Home Exchanging in Nicaragua

Greetings from Nicaragua, where we have been ensconced in Granada for the past week, staying absolutely free in a very cool little bamboo artist loft/casita.

People often ask me how it’s possible that I travel so much. In fact, the question is posed almost constantly. Every month or two, I am writing and posting photos from another state, country or continent; sometimes gone for weeks at a time. I’m not wealthy; far from it. I make a reasonable-but-not-very-high living as a freelance writer. I’m not married to someone wealthy, a flight attendant, or a stowaway.

The easy answer is that I’m creative. Honestly, there is no secret, magic key to traveling extensively, on really small amounts of money. You just have to know some of the best methods to use, be open-minded about how to travel, and get to know the tools and resources to use those methods. Admittedly, I do some of my travel due to my work as a writer; but then again, I crafted my work specifically so that it supported my love of travel!

Our home exchange in Granada

One of my very favorite, and frequently used, methods is home exchange. I started exchanging about five years ago; before then I had stayed in homestays in private homes, rented individual apartments and utilized private hospitality accommodations. But with a home exchange, you are actually staying in someone else’s home while they stay in yours (not always simultaneously), and neither of you are paying anything for it.

My first exchange was for an adorable small apartment in Paris, in Le Marais district. Not too shabby, eh? On the same European trip I also exchanged in Berlin and Venice. I was hooked – being able to go places and stay for sometimes weeks, in places where accommodations would create a huge travel budget, was awesome. Since then I have done about 15 home exchanges, many with Keith, everywhere from Portland and New York in the continental U.S. to Hawaii, Canada, Spain, and now Nicaragua.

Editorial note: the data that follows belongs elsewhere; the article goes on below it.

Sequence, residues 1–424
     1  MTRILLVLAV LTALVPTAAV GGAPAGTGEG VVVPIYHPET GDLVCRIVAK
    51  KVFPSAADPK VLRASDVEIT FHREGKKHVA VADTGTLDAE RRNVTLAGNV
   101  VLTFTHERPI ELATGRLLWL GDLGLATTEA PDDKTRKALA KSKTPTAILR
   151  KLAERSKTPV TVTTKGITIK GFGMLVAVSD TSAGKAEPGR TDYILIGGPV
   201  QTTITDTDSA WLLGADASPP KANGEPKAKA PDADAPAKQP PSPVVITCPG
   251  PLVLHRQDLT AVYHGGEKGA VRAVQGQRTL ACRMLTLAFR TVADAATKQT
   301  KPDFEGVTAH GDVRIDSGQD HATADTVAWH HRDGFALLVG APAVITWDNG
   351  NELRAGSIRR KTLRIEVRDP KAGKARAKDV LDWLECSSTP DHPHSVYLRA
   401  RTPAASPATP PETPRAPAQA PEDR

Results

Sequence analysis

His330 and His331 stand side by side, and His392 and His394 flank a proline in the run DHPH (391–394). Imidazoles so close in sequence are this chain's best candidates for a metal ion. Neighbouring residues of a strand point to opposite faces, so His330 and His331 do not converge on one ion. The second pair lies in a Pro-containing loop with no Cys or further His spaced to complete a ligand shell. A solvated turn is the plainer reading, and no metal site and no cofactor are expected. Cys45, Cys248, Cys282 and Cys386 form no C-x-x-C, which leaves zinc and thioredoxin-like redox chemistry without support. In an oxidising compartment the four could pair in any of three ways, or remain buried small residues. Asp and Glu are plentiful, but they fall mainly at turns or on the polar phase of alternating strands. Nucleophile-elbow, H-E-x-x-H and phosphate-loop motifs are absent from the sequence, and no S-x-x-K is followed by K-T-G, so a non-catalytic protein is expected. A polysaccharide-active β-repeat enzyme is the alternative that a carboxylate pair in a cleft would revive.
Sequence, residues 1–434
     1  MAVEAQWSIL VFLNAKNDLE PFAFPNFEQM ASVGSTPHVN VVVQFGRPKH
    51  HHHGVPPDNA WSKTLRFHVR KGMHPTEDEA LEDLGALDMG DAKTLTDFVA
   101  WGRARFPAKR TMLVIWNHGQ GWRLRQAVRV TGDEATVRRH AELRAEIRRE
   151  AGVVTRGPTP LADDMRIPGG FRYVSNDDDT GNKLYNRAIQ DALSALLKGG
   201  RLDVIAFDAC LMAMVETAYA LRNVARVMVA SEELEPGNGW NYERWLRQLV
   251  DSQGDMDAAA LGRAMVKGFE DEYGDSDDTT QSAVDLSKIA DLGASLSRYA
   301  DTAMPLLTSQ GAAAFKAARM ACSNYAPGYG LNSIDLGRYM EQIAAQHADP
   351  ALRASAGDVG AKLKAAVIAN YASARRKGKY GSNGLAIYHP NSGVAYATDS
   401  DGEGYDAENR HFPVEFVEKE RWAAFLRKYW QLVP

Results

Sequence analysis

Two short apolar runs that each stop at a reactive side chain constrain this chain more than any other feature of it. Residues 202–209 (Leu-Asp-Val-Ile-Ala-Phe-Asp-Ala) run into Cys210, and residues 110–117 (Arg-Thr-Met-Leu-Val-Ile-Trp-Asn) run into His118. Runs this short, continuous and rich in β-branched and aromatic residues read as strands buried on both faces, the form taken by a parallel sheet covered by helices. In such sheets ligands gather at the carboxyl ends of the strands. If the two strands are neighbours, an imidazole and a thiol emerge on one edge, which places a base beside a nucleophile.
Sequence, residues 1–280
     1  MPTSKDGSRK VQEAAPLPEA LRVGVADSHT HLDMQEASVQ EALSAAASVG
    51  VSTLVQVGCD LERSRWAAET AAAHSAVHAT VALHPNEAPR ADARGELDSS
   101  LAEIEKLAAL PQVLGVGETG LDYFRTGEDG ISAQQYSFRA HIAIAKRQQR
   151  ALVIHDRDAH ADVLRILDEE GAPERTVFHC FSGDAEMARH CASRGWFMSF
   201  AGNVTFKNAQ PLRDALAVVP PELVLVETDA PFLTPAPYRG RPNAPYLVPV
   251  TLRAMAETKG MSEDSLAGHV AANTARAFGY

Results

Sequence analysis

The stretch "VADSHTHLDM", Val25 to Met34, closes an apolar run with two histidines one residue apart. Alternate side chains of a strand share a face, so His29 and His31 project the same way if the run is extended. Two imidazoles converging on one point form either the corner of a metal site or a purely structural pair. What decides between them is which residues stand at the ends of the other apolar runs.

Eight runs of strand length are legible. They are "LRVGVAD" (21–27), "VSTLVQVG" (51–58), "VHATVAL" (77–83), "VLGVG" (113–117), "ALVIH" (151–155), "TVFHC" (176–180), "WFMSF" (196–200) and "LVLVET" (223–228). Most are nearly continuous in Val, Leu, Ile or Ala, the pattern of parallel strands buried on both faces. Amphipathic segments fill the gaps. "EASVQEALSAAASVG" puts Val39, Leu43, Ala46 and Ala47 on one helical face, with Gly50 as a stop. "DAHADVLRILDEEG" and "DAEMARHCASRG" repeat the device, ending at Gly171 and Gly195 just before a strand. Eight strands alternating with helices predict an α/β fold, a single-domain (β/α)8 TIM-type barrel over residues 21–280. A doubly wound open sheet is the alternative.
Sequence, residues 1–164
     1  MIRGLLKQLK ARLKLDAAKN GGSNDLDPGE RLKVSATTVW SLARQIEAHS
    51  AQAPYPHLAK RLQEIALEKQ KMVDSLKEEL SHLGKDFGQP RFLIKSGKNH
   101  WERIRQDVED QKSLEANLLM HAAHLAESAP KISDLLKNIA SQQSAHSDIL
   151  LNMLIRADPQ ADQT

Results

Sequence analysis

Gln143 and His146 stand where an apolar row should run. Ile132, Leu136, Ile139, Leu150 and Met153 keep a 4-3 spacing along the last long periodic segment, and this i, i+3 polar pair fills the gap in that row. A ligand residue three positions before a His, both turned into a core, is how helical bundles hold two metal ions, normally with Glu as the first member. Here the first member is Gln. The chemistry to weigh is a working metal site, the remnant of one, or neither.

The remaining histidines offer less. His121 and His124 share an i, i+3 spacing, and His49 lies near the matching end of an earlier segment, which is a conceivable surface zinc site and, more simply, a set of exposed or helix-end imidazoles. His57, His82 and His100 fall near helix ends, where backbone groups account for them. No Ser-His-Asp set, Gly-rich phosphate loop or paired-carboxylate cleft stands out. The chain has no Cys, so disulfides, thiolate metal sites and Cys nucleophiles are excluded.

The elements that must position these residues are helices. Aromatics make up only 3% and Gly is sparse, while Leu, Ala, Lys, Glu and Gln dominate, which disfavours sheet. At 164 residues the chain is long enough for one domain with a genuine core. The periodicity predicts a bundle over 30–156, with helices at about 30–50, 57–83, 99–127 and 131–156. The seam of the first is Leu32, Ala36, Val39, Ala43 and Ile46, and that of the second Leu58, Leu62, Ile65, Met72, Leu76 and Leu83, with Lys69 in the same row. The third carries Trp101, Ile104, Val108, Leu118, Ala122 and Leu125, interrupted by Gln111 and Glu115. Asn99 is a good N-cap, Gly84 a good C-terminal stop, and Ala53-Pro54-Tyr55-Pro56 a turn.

Keith and I had both always wanted to visit Nicaragua, both having loved other parts of Central America we have visited. Earlier in 2011, Keith snagged us airline tickets using AAdvantage points we had accumulated on American Airlines. My search was on! I got onto the main site we use, HomeExchange.com, and began searching for exchanges in Nicaragua. There were a nice handful, largely due to the number of American expats who have made the country their home.

I quickly connected with Peta, a woman living in the colonial city of Granada with her boyfriend Ben. They have been living in Granada for about three years now, where they run a business, CO2 Bambu, which builds sustainable housing out of the natural bamboo resource here in Nicaragua. Peta and Ben live in a house just a couple of blocks off the main square of Granada, and down the same street they purchased a lot with a crumbling, falling-down old house on it.